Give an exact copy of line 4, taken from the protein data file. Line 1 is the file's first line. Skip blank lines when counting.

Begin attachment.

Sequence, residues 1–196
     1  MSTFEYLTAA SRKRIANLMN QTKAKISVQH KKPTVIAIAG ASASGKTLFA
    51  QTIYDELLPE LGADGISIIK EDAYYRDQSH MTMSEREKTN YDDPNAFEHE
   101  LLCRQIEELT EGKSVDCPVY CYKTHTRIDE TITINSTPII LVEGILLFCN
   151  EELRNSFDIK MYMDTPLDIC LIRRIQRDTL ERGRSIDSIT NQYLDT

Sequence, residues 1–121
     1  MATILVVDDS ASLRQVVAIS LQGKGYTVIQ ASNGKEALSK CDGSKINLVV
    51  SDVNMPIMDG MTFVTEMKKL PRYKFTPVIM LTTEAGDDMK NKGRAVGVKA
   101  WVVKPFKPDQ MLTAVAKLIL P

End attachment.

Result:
   101  LLCRQIEELT EGKSVDCPVY CYKTHTRIDE TITINSTPII LVEGILLFCN